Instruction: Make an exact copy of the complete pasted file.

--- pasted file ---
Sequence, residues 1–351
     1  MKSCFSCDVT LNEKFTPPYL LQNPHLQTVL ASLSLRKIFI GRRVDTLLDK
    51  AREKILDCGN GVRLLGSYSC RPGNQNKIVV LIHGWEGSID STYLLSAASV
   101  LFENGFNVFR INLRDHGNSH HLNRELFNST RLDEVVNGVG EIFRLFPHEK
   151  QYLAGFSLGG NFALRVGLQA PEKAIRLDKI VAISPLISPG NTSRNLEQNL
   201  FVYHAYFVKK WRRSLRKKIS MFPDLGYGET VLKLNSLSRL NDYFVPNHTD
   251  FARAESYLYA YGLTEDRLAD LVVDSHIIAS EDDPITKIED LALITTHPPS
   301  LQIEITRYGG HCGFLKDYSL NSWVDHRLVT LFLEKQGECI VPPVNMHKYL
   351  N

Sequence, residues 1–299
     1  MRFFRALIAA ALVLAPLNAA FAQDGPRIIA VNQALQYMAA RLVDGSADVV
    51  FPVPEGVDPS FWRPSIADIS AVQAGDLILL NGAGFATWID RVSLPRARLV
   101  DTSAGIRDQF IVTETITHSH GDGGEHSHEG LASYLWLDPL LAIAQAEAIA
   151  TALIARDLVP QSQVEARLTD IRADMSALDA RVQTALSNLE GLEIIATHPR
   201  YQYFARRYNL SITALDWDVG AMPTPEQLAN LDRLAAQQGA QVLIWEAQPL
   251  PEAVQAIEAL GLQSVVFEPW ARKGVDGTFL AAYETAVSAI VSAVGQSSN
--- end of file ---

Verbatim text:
Sequence, residues 1–351
     1  MKSCFSCDVT LNEKFTPPYL LQNPHLQTVL ASLSLRKIFI GRRVDTLLDK
    51  AREKILDCGN GVRLLGSYSC RPGNQNKIVV LIHGWEGSID STYLLSAASV
   101  LFENGFNVFR INLRDHGNSH HLNRELFNST RLDEVVNGVG EIFRLFPHEK
   151  QYLAGFSLGG NFALRVGLQA PEKAIRLDKI VAISPLISPG NTSRNLEQNL
   201  FVYHAYFVKK WRRSLRKKIS MFPDLGYGET VLKLNSLSRL NDYFVPNHTD
   251  FARAESYLYA YGLTEDRLAD LVVDSHIIAS EDDPITKIED LALITTHPPS
   301  LQIEITRYGG HCGFLKDYSL NSWVDHRLVT LFLEKQGECI VPPVNMHKYL
   351  N

Sequence, residues 1–299
     1  MRFFRALIAA ALVLAPLNAA FAQDGPRIIA VNQALQYMAA RLVDGSADVV
    51  FPVPEGVDPS FWRPSIADIS AVQAGDLILL NGAGFATWID RVSLPRARLV
   101  DTSAGIRDQF IVTETITHSH GDGGEHSHEG LASYLWLDPL LAIAQAEAIA
   151  TALIARDLVP QSQVEARLTD IRADMSALDA RVQTALSNLE GLEIIATHPR
   201  YQYFARRYNL SITALDWDVG AMPTPEQLAN LDRLAAQQGA QVLIWEAQPL
   251  PEAVQAIEAL GLQSVVFEPW ARKGVDGTFL AAYETAVSAI VSAVGQSSN